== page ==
Eventually as Darryl explains so clearly, unravelling the mess as he does in the second act of the book, someone was going to end up in deep trouble, and so the runs on the various banks began, the frantic bailouts negotiated by Governments globally at the taxpayers' expense, whilst the villains of the piece, the individuals that actually caused the problems got off not only scot-free but also trousering vast amounts of cash, some of them in the order of hundreds of millions of dollars. I am pretty sure I am right in stating that not one high level banking executive in the UK or US has been sent to prison for any sort of financial impropriety associated with the supercrash.

Gradually however, through pieces like this shining a bright and focussed light on the industry as a whole, and more traditional investigative journalism, we are at last starting to expose very serious wrongdoing such as collusion in fixing the LIBOR rate etc. which must surely see some custodial sentences imposed. Though when we actually see someone sent down instead of merely being given a hefty if token fine I'll believe it. Plus I'm old enough to remember one Ernest Saunders, sent to prison in the early 90s for fraudulently attempting to manipulate the price of Guinness shares, his sentence commuted after a mere ten months in prison on compassionate grounds due to him almost immediately developing the incurable Alzheimer's disease, and his subsequent miraculous full and entirely unique recovery upon release.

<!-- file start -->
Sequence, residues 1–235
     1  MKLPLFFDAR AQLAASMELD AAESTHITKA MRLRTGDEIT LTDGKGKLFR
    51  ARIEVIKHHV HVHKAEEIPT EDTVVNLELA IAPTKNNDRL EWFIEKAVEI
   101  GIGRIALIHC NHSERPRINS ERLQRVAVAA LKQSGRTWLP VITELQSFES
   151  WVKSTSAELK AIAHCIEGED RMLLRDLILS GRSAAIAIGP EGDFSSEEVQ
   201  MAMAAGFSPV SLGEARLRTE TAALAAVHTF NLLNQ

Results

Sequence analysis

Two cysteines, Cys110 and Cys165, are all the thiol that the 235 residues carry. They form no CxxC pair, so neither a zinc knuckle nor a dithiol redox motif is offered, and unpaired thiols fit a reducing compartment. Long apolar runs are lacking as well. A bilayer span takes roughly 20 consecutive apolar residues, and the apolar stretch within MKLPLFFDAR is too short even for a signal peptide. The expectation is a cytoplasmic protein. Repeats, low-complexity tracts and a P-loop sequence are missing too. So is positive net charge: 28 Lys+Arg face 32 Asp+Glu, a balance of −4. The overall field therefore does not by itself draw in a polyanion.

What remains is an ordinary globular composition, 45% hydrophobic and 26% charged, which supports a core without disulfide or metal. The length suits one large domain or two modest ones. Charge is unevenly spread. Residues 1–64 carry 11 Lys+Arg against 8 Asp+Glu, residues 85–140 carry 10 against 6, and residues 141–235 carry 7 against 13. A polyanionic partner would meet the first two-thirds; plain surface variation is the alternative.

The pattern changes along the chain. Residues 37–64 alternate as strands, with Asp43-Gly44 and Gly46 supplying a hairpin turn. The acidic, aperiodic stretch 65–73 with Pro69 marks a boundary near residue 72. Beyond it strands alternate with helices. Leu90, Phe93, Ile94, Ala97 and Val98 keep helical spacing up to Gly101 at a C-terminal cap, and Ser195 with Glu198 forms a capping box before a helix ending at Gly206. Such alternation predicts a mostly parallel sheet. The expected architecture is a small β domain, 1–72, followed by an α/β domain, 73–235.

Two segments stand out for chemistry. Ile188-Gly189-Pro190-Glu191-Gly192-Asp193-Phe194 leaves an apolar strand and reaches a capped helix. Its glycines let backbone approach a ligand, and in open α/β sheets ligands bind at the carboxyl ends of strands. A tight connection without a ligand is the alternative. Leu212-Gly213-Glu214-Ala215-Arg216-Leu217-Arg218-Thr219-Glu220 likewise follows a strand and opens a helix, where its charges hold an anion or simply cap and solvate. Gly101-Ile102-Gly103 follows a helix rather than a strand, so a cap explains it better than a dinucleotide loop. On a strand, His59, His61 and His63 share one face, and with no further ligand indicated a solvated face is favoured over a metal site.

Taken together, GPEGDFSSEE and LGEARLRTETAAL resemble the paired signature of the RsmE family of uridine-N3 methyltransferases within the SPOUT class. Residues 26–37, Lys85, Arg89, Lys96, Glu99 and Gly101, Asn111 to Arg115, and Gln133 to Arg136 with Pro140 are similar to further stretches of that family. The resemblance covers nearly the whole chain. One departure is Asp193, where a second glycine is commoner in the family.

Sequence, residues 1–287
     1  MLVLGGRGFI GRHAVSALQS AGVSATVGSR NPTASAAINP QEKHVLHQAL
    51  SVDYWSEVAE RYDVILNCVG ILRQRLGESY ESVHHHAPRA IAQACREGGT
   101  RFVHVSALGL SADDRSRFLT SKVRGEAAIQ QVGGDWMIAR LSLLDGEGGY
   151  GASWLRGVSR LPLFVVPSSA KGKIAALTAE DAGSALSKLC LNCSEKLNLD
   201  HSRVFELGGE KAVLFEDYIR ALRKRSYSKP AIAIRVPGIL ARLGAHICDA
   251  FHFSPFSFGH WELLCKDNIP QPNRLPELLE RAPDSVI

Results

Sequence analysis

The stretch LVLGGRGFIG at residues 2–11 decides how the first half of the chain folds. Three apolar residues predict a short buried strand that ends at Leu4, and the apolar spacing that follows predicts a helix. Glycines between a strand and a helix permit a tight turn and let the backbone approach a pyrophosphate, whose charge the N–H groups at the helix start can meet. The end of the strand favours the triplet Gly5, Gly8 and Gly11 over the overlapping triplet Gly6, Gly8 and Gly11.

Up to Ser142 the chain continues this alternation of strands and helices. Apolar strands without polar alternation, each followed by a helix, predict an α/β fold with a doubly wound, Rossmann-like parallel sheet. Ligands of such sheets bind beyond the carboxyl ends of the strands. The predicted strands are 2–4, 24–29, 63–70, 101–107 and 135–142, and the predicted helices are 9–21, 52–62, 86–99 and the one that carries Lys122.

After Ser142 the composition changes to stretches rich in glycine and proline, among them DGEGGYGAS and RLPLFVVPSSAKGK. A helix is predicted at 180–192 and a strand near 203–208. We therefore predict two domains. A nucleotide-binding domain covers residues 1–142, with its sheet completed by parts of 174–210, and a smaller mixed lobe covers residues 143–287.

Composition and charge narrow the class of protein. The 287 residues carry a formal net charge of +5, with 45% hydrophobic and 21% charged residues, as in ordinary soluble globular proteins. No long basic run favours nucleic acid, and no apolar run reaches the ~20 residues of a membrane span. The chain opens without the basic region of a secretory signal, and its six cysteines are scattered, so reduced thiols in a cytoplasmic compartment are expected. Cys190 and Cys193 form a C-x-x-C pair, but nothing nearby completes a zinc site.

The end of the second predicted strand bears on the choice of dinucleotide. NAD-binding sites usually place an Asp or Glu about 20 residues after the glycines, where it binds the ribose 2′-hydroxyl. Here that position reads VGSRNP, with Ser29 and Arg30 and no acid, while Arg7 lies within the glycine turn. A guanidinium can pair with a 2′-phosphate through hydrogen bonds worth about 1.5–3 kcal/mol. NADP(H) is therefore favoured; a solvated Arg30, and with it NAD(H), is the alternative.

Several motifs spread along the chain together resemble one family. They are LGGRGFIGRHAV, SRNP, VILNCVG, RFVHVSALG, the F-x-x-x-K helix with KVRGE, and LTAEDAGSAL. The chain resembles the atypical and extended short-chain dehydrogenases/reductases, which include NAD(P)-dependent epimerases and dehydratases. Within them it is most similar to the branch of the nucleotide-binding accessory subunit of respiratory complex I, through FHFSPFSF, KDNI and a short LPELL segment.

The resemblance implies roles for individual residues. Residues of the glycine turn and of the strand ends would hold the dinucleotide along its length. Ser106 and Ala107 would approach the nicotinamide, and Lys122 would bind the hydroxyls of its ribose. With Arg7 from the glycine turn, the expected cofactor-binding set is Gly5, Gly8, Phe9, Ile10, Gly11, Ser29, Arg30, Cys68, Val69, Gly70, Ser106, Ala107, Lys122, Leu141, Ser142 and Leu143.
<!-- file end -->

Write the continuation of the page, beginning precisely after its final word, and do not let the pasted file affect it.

Reading Darryl's work makes you realise how much corruption there is at the highest levels of government and the finance industry, how very often it's a rotating door between the two for various individuals who have no sooner passed laws benefiting investment banks then promptly ending up on the board of one, at least one, in some capacity or other. Capitalism might not be the outright brutal oppression that North Korea imposes on its people but it's definitely designed to minimise true social mobility and ensure all the wealth remains concentrated in the palms of the very few.

So in the third act, titled 'The Age Of Selfishness' Darryl tackles the thorny topic of what could replace capitalism, and how perhaps the ever swinging pendulum of political liberalism and conservatism (to use the American definitions) is in part responsible for the situation we currently find ourselves in. He goes on to make some interesting observations regarding how early people's political tendencies are apparently created, before looking at the current political situation in both the UK and the US. It's pretty bleak stuff I must say, but fortunately the final three pages provide some small cause for optimism pointing out as they do that mass citizens movements have brought about substantial societal change before, and have the possibility to do so again.

This is a truly outstanding piece of work, illustrated so intelligently as ever in his wonderful no nonsense informative style, which hits new heights of in terms of detail and its ability to disseminate such complex information so simply, and it deserves to win awards and gain the highest praise and plaudits from not just within the comics industry but also the wider world. I also don't doubt he'll now find himself on the watchlist of some very wealthy and well connected people, but that's the price you pay for shining the light of truth on such a murky morass of quasi-illicit activities by the so called great and good. He's probably ensured he'll never get a mention on the Queen's birthday honours list now either, but he's certainly deserving of it in my book for the public service he's done everyone in writing this work. Bravo Darryl, I salute you.